'Back to the Future' Day, Long a Hoax, Is Coming Soon. For Real This Time.
Don't be fooled: October 21, 2015 is when Doc and Marty landed in the future.
Any diehard Back to the Future fan knows that October 21, 2015, is “Back to the Future Day,” the date that Marty McFly and Doc Brown travel to the future in the second film of the trilogy. Or wait, is it July 5, 2010? Or July 6, 2010? Or June 27, 2012? You may have seen conflicting photos on your Facebook page over the years of random future dates Doc and Marty traveled to from 1985, all splayed across the dashboard display of their time-traveling DeLorean. These posts you’ve seen? They’re a pack of lies. Rest assured, Back to the Future’s 30th birthday is this year, and the real Back to the Future Day on October 21, 2015, is finally happening.
For the past half decade, the internet been cheerfully hoaxing casual Back to the Future fans on exactly when Doc and Marty go to the future. The distance from hoax to meme is only a few dozen gullible aunts and old high school buddies. This meme began with a 2010 tweet by British movie magazine Total Film. The tweet told followers, wrongly, that July 5 was “Future Day,” even including the hashtag “#futureday” to give it some gravitas. The magazine followed that up with a Photoshopped Twitpic image to prove it.
Those who weren’t BttF superfans or didn’t have enough time to double check the date on their DVD copy of the movie happily went along with it. More than 1,000 people retweeted or favorited the tweet, including — according to Total Film — Elizabeth Banks, Colin Hanks, Joe Jonas, Ivanka Trump, and BttF producer Frank Marshall. But rigorous geeks pointed out the error, and the jig was up. In a follow-up post the next day, Total Film confessed.
“A casual office conversation brought up the ‘fact’ that 5th July 2010 is referenced in Back To The Future (though Doc and Marty never actually go there), so sensing a bit of fun for our Twitter feed (and without checking) we posted the Tweet,” the magazine explained. “So apologies, film fans. We were wrong. It seems some lax research and average photoshop skills go a long way on Twitter these days.” Things should have ended there, but another photoshopped image popped up, updating “Future Day” to July 6. It made the rounds. (People love to share more than they love to fact-check.)
The Guardian’s Catherine Shoard, for one, saw these jabs at the fabric of a classic sci-fi comedy as downright heretical. Who were these people, after all, to rewrite the history of a time-travel film?
“Back to the Future is a film so powerful, especially if it hooked into your brain at an impressionable age, a film so intimately wedded to the idea that a split second can make all the difference,” she wrote, “that to shuffle its finely wrought construction in this way feels like sacrilege. Even if it was, in this instance, affectionately, even jubilantly, intended.”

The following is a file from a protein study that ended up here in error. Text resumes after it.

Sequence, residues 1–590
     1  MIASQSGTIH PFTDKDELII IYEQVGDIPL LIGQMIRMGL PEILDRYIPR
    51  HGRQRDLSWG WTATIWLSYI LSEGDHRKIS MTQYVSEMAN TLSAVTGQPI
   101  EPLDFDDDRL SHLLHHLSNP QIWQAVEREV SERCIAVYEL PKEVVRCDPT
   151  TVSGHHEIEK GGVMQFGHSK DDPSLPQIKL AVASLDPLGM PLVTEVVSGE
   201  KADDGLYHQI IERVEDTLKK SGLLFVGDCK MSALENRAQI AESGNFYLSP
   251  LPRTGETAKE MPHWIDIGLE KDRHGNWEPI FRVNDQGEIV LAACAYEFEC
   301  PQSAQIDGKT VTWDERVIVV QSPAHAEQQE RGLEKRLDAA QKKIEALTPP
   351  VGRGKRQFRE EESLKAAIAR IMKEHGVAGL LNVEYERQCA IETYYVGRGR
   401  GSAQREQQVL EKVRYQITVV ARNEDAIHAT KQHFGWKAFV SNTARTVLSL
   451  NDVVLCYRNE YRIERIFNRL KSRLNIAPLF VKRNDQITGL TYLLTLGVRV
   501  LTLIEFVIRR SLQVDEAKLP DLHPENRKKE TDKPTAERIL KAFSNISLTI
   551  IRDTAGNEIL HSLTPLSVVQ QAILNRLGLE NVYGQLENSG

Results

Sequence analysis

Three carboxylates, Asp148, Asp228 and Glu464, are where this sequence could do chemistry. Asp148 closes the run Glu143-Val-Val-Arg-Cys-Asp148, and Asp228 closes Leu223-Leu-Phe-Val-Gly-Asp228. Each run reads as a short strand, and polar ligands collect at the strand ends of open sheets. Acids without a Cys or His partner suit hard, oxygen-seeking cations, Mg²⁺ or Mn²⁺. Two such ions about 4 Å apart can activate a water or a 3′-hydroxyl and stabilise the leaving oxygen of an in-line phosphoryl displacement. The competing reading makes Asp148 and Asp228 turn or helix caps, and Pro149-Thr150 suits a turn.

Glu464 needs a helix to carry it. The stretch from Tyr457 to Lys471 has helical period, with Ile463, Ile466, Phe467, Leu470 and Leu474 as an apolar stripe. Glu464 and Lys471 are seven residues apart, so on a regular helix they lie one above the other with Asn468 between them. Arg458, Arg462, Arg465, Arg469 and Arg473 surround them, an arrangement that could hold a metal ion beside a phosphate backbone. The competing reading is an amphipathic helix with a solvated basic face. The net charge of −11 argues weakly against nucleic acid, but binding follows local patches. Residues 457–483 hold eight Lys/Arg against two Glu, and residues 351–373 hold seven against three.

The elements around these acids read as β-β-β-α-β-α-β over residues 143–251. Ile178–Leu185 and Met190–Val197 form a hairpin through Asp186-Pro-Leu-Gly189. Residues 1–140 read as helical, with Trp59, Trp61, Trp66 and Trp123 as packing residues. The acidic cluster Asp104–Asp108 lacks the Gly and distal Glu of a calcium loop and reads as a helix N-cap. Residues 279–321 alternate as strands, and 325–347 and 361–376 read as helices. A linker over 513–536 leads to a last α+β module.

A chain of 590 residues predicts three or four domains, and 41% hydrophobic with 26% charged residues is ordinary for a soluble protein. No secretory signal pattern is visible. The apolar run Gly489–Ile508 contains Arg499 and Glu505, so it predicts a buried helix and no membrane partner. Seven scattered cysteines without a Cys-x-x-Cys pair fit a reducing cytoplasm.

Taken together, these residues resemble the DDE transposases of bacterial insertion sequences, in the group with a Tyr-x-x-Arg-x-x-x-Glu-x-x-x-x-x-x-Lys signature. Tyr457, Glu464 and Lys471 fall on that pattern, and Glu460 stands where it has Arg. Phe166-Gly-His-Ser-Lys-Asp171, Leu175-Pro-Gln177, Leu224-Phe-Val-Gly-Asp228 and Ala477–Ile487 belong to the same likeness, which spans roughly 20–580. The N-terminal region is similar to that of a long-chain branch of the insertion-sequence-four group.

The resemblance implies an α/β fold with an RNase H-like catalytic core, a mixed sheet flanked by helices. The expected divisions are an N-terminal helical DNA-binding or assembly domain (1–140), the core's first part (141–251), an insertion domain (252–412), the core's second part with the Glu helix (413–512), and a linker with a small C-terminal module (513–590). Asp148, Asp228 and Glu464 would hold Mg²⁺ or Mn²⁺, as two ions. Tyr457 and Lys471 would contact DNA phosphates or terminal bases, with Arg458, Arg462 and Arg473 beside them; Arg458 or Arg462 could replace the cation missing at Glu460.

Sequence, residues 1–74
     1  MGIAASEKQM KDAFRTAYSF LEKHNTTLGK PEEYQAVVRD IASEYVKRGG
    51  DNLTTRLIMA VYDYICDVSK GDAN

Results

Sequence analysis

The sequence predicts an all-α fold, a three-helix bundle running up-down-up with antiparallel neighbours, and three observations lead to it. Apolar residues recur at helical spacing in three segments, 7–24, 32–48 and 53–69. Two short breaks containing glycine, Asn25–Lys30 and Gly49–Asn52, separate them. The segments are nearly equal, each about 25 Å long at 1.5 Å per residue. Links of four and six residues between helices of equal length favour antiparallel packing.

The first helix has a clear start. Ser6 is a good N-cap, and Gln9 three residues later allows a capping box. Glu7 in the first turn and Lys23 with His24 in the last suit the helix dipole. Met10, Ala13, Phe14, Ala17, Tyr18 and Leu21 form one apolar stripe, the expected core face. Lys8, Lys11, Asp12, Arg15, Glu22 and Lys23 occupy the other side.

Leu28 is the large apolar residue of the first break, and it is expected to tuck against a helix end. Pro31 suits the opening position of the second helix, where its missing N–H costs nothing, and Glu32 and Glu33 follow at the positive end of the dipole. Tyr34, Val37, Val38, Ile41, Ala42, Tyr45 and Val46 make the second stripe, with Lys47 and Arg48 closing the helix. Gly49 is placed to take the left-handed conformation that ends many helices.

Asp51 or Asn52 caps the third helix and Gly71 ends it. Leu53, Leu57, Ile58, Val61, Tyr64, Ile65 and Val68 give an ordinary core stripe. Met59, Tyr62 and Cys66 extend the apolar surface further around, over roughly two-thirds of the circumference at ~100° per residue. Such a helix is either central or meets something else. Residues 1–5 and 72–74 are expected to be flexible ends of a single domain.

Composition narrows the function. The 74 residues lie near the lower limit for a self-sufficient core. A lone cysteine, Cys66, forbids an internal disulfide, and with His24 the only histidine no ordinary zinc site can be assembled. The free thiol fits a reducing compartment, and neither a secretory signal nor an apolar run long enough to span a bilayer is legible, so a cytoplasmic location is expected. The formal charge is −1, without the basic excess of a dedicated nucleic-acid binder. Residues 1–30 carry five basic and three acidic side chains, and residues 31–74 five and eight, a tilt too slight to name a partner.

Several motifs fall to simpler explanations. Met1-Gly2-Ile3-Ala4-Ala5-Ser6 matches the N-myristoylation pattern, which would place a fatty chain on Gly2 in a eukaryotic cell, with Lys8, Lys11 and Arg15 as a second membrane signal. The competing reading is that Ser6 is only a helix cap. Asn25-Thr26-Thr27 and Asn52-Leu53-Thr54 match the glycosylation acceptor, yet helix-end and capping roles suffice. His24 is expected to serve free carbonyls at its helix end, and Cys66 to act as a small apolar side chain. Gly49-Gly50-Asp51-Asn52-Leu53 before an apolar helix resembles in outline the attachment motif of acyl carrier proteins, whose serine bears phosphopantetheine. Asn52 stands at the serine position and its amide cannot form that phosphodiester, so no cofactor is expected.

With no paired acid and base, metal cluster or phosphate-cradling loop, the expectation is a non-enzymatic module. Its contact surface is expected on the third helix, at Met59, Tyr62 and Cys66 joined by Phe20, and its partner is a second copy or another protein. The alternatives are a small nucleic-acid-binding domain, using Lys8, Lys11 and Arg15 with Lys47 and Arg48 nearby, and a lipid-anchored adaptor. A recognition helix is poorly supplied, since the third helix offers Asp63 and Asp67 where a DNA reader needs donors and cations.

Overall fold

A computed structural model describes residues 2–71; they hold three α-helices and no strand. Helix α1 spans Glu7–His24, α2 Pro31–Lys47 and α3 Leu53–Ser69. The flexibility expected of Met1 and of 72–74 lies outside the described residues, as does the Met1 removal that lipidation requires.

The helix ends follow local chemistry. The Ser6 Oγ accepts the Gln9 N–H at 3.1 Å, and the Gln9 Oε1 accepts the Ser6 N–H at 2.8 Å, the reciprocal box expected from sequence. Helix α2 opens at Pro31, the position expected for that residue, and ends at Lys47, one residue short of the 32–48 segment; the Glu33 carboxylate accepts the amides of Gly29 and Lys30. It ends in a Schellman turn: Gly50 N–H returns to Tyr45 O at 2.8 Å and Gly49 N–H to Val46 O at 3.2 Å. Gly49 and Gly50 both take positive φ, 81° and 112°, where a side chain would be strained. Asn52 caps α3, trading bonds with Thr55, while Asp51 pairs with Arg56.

Since the original caught on, random corners of the internet have taken the meme in as their own by changing the dates at will. (People love to plagiarize lies more than they love to come up with their own hits.) A photoshopped image saying “Today is the day Marty McFly arrives when he travels to the future” began popping up on Facebook bearing the date July 11, 2012. Photoshoppers hijacked that, and other searches bear the same image with a range of different dates: February 4, 2013; March 22, 2013; October 21, 2013; October 14, 2012, and so on.
The most popular alternate version seems to falsely label June 27, 2012 as Back to the Future Day, which stemmed from a post made by UK-based mobile app company Simply Tap. The second round of the meme gained coverage in major media outlets, and forced Simply Tap’s social media manager, Steve Berry, to admit that the post was faked on purpose as a way to market the Back to the Future Blu-ray for one of the company’s clients.
“We promoted the image fully confident in the knowledge that everyone was familiar with the original hoax from a couple of years ago,” Berry told Mashable in 2012. “We figured that no one would fall for the same joke twice, so the caption was deliberately replicated word for word so people would get the reference.”
A simple search on Twitter shows people admitting any other random date as Back to the Future Day as well.
Though the exact 30th anniversary has technically passed (the film was originally released on July 3) the kitschy charm of holding the movies’ three-decade birthday festivities this year on the date Doc and Marty travel in time gives an added bonus to fans. Thankfully they’ve embraced the absurdity of the meme, with full websites dedicated to reminding you that this October 21 is Back to the Future Day, and other trolling sites pulling in more easily deceived people willing to accept that any day is BttF Day.
It’s an enduring but annoying meme, and thankfully it won’t be around for much longer.